In Malta, Pope Francis slams EU's treatment of refugees from Africa

In Malta, Pope Francis slams EU's treatment of refugees from Africa

Francis was referring to the EU’s program to train Libya’s coast guard, which patrols the North African country’s coast for migrant smuggling and brings the would-be refugees back to shore

FPJ Web DeskUpdated: Sunday, April 03, 2022, 12:02 PM IST
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Pope Francis sits next to Malta's Archbishop Charles Jude Scicluna, left, aboard a catamaran leaving Valletta's harbor for Gozo in Malta on Saturday, April 2, 2022 | AP

Pope Francis headed to the Mediterranean island nation of Malta on Saturday for a pandemic-delayed weekend visit, aiming to draw attention to Europe's migration challenge that has only become more stark with Russia's invasion of Ukraine.

Francis also said the war had pained his heart so much that he sometimes forgets about the pain in his knees. Francis has been suffering for months from a strained ligament in his right knee. The inflammation got so bad that the Vatican arranged for a tarmac elevator to get him on and off the plane for Saturday’s flight to Malta, and his limp was more pronounced Saturday.

The Malta visit, originally scheduled for May 2020, was always supposed to focus on migration, given Malta’s role at the heart of Europe’s migration debate. The issue took on more import with the forced exodus of over 4 million Ukrainian refugees. Francis focused his remarks on the perilous Mediterranean migration route and Europe’s flawed migration policies in welcoming people fleeing war, poverty and conflict.

Speaking with Malta’s president by his side, Francis denounced the “sordid agreements” the European Union has made with Libya to turn back migrants and said Europe must show humanity in welcoming them. He called for the Mediterranean to be a “theater of solidarity, not the harbinger of a tragic shipwreck of civilization.”

Francis was referring to the EU’s program to train Libya’s coast guard, which patrols the North African country’s coast for migrant smuggling and brings the would-be refugees back to shore. The program was strongly backed by Italy and other front-line Mediterranean countries to try to stem the flow of hundreds of thousands of desperate migrants each year.

But human rights groups have condemned the EU-funded program as a violation of the migrants’ rights and documented gross abuses in the Libyan detention camps. Just this week, German said its military would no longer provide training to the Libyan coast guard given its “unacceptable,” and in some cases illegal, treatment of migrants.

Francis has condemned the Libyan detention facilities as concentration camps, but he went further Saturday to shame the EU for its complicity in the abuses there.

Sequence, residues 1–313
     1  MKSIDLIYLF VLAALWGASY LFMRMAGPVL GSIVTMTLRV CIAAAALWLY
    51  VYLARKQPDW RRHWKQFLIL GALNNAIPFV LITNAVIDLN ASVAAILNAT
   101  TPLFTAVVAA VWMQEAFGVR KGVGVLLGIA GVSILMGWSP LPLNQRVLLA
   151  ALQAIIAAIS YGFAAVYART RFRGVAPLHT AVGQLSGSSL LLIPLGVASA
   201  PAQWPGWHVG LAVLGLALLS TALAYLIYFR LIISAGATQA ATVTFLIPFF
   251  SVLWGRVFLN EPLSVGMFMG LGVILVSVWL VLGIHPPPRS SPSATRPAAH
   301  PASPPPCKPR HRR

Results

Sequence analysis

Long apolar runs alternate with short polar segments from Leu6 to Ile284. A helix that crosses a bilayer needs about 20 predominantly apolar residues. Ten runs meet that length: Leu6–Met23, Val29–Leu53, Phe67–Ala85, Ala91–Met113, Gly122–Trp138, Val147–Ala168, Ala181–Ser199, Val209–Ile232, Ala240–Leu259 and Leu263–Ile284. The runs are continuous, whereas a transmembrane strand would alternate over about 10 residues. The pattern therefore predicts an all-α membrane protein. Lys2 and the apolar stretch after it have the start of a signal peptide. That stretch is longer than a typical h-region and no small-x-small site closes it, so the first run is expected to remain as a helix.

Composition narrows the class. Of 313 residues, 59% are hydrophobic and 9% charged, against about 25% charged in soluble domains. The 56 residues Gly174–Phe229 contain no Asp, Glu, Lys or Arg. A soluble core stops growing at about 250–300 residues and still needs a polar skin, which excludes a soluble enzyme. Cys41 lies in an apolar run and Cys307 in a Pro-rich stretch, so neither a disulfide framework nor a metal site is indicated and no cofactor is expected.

“Civilized countries cannot approve for their own interest sordid agreements with criminals who enslave other human beings,” he said.

Malta, the European Union’s smallest country with a half-million people, has long been on the front lines of the flow of migrants and refugees across the Mediterranean and often has come under fire for refusing to let rescue ships dock. Just this week a German aid group sought port for 106 migrants rescued at sea and, by Saturday, the ship was heading to Sicily instead.

Malta has frequently called upon its bigger European neighbors to shoulder more of the burden receiving would-be refugees.

In 2016, Pope Francis, still in the early years of his pontificate, traveled straight into the heart of Europe’s migration crisis, visiting the miserably overcrowded Moria refugee camp on the Greek island of Lesbos. In a key moment of his papacy, he took 12 refugees from Syria, including six children, back to Rome with him on the papal plane.

But five years on, as Francis again visited Lesbos on Sunday as part of a five-day trip to Cyprus and Greece, the world’s focus has drifted and waned. And when it has paid attention, it has done so in a way opposite from how he had hoped, working fervently to block and deter migrants.

Yet for the Vatican, Lesbos remains a symbol of inhumanity, and Francis’ return there this weekend represented an effort not to let Europe look away.

“Human lives, real people, are at stake,” he said in an address before a group of migrants on the island on Sunday. “The future of us all is at stake, and that future will be peaceful only if it is integrated.”

He added, “It is an illusion to think it is enough to keep ourselves safe, to defend ourselves from those in greater need who knock at our door.”

(with inputs from AP)

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